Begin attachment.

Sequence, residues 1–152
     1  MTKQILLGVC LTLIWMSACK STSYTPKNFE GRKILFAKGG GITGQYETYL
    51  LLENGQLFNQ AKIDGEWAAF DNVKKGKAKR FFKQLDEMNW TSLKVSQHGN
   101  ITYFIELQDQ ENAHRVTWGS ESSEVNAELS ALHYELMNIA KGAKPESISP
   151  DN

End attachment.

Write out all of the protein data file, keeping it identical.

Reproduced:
Sequence, residues 1–152
     1  MTKQILLGVC LTLIWMSACK STSYTPKNFE GRKILFAKGG GITGQYETYL
    51  LLENGQLFNQ AKIDGEWAAF DNVKKGKAKR FFKQLDEMNW TSLKVSQHGN
   101  ITYFIELQDQ ENAHRVTWGS ESSEVNAELS ALHYELMNIA KGAKPESISP
   151  DN